- More than 2,000 cooperatives and mututals operate in Australia, but only about half of the newly formed ones don’t survive five years.
- One of the main challenges is how to benchmark any significant (non-financial) benefits that cooperatives offer members.
- The tax benefits of running a cooperative can be substantial.
By Felicity McLean.
It’s easy to see why the cooperative business model is popular, particularly among organisations with a purpose beyond profit. Unlike company shareholders, every member of a cooperative is an equal decision-maker, and members make all decisions collectively.
“Cooperatives are run by the members for the members,” says Kevin Franey FCA, Partner, Audit & Assurance, TNR Chartered Accountants. Yet about half of all newly formed cooperatives don’t survive their first five years. So what pitfalls and pain points do cooperatives potentially face and how can CAs help?
Rural Insight series: Cooperatives Guide
Check the Chartered Accountants ANZ cooperatives guide, which is part of the Rural Insight series, for more details about how a cooperative can be a valuable business structure, and details of the regulations and tax benefits.
1. Taxing benefits
“Like any other business structure, you want to make sure that you maximise the tax benefits associated with cooperatives,” says Franey. Particularly as cooperative tax benefits can be substantial. “Under the Income Tax Assessment Act, if a cooperative satisfies the rules for active membership [that is, it has an active membership of 90% or more], the cooperative may be eligible for Section 120(1)(C) deductions,” explains Franey.
Section 120(1)(C) allows a cooperative to claim a tax deduction on the repayment of the principle and interest element of a loan for certain capital expenditure. This is a significant benefit. Similarly, if your client runs a cooperative that receives annual membership fees, those fees are exempt income under the Income Tax Assessment Act 1997. It’s important to understand the tax benefits available to cooperatives so you can advise clients accordingly.
2. Establishing a cooperative
If clients are thinking of establishing a cooperative, it is important to seek advice, says Franey. It’s also important to make sure the group’s members can work together. Cooperatives are all about collaborative decision-making, and group members should be realistic about whether they can reach a consensus on what the cooperative will do, how it will do it and what it wants to achieve for its members. “If your client is considering establishing a cooperative, make sure they seek advice from accounting and legal professionals who are experienced in cooperatives and mutuals so that member benefits are maximized,” says Franey.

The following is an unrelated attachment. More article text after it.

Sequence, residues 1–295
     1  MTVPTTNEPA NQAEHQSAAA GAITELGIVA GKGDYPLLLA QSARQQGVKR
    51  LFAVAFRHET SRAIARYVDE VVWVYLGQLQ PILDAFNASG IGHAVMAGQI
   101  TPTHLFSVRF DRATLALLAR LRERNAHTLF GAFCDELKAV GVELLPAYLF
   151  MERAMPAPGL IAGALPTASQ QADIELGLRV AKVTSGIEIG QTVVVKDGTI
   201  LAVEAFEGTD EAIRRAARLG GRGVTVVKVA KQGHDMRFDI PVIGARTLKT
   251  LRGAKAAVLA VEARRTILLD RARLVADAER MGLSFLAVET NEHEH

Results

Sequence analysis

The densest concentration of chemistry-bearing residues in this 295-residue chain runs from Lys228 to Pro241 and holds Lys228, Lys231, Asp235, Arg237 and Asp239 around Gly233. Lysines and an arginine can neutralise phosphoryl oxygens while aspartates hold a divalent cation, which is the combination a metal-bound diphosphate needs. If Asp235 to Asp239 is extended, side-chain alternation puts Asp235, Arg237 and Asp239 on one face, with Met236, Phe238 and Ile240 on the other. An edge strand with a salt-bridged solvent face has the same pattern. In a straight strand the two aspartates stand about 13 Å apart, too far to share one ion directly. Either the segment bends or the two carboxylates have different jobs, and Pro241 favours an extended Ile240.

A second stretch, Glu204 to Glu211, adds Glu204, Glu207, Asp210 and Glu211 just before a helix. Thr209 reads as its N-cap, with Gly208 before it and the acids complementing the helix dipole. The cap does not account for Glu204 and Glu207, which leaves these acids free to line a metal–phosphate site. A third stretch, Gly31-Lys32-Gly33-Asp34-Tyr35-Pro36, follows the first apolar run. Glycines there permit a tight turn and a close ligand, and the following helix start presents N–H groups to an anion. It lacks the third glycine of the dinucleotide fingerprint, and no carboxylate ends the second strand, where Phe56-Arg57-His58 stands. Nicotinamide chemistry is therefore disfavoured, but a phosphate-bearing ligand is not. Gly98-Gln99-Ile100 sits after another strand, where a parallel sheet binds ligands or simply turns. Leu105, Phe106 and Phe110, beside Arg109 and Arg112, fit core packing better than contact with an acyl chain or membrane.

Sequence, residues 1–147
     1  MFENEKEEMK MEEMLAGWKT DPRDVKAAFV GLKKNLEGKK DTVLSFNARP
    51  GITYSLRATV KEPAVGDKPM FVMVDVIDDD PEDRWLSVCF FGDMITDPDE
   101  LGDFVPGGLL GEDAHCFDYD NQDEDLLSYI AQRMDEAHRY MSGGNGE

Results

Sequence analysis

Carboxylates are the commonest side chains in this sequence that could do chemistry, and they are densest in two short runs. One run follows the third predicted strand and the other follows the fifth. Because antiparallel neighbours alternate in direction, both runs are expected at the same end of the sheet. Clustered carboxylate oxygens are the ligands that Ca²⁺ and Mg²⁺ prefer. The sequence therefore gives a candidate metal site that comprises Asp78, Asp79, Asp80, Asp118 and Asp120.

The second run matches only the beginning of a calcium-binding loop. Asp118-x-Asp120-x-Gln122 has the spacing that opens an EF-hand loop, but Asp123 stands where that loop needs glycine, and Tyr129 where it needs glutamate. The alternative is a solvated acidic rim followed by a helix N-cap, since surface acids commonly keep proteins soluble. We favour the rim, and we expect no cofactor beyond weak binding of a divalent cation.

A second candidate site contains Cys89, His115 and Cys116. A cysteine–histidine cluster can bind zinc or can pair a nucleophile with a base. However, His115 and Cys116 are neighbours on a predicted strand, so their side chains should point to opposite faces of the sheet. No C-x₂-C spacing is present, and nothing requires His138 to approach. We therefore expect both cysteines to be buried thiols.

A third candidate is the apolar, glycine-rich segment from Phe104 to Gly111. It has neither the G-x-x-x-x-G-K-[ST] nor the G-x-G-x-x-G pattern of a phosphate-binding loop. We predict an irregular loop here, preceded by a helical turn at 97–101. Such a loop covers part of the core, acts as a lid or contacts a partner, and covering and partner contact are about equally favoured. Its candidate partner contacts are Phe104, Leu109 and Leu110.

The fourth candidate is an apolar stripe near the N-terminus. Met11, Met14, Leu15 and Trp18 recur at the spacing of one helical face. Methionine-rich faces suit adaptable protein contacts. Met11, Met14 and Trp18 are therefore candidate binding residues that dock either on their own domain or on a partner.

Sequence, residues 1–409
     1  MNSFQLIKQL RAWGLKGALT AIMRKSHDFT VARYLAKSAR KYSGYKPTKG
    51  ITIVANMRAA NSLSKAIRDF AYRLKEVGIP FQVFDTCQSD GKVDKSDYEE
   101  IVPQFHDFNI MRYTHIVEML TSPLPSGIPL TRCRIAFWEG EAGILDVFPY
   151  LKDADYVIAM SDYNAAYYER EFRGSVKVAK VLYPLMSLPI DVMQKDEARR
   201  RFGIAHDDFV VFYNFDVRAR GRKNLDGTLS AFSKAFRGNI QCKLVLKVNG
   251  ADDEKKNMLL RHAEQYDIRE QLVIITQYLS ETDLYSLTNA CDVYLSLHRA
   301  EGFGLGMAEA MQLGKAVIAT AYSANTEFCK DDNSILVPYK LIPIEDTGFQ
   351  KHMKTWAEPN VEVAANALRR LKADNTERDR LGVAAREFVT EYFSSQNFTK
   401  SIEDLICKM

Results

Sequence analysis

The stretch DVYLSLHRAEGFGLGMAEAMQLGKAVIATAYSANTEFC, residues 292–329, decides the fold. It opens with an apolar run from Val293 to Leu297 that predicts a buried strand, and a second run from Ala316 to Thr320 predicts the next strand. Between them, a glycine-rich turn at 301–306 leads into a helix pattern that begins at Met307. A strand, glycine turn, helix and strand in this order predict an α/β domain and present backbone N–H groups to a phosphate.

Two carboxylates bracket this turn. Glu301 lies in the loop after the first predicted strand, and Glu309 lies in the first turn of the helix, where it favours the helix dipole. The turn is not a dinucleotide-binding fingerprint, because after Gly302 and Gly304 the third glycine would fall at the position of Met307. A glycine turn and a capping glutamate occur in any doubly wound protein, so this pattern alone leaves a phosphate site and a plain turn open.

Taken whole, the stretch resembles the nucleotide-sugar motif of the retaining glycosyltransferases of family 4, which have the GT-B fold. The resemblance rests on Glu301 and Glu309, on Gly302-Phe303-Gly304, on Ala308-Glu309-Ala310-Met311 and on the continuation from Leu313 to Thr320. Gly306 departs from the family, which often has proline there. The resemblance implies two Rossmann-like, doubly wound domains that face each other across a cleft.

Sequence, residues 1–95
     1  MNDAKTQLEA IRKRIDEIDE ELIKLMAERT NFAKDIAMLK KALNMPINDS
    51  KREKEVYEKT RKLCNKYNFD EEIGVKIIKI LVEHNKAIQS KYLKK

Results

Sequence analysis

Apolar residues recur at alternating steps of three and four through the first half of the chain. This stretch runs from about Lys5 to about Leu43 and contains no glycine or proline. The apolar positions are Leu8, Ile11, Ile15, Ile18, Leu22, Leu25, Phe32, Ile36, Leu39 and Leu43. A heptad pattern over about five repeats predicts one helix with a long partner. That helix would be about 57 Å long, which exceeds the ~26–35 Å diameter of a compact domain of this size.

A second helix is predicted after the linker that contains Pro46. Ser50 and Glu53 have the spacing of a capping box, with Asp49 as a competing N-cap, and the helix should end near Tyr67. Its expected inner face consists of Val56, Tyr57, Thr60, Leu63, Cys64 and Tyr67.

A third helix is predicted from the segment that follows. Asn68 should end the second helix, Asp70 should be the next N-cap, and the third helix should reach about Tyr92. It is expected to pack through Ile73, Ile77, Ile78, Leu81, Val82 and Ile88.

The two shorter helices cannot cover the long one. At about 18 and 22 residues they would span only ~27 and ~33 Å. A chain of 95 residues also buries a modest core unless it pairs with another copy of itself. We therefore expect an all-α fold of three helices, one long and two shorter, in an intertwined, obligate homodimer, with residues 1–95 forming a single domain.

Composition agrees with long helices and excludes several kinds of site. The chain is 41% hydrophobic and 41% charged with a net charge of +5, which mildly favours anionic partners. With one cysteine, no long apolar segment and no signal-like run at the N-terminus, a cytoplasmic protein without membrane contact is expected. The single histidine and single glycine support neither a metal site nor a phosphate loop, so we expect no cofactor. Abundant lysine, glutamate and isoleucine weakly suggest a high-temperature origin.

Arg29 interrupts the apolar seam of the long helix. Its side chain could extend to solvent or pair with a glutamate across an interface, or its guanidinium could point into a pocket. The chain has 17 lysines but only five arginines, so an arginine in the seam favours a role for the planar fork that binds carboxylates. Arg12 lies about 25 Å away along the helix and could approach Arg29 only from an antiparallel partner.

3. Access to capital
One of the main issues is the limited ability of cooperatives to fundraise, says Franey. “Remember, a cooperative is not like a company – you can’t just issue more shares.” In November 2017, the federal government announced amendments to the Corporations Act 2001 to allow cooperatives and mutuals to issue capital instruments without risking their mutual structure or status. The proposed changes will create a new class of cooperative equity share that will not require voting rights to be attached, and will allow dividends to be capped, in line with mutual business models.
Historically, cooperative shares could only be acquired by members (not via third party equity), which means they were restricted to fundraising via member contributions, retained earnings and/or debt. The introduction of cooperative capital units (CCUs) in the 1990s to non-members allowed cooperatives to fundraise via people outside the operation. However, CCUs are somewhat restrictive, says Franey.
Resources for CAs working in regional and rural areas
The Rural Insight series includes a selection of guides for members working in rural areas, all written by members themselves. These practical Rural Insight papers tackle many of the challenges commonly faced by CAs based in rural and regional areas.
4. Share capital as a liability
At present, Australian and international accounting standards classify cooperative shares as a liability (see AASB132 Financial Instruments). However, the IASB seeks to address this. The IASB is undertaking a project on financial instruments with the characteristics of equity that may mean cooperative shares are bought under the definition of capital under AASB 132, says Franey.
5. How to benchmark the benefits?
While there’s no question cooperatives provide significant benefits to members, how do you benchmark these? “How do we better report the values that cooperatives bring to the table? It’s an important question to ask,” Franey says. The Business Council of Co-operatives and Mutuals (BCCM) is working with the AASB to raise awareness and an understanding of cooperatives and mutuals, as well as improving financial and related reporting. The aim is to better demonstrate the value cooperatives can provide for their members, and the broader community, he says. The aim for any such reporting is to quantify returns, and to capture this under fair value accounting requirements.
Facts about cooperatives
There are more than 2,000 cooperative and mutual enterprises in Australia, and eight in 10 Australians are members of a cooperative or mutual. Statistics drawn from the National Mutual Economy Report 2017 show:
- the top 100 cooperatives and mutual entities (CMEs) have combined turnover of $30 billion
- the turnover of the top 100 grew by 6.6% per annum over five years
- combined assets of the top 100 reached $152.9 billion in 2015
- there were 29 million active members of CMEs in 2016 – so clearly some people are members of more than one.
Kevin Franey FCA, Joshua Fletcher CA, and Kay Plummer FCA contributed to this article.
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Felicity McLean is an author and journalist.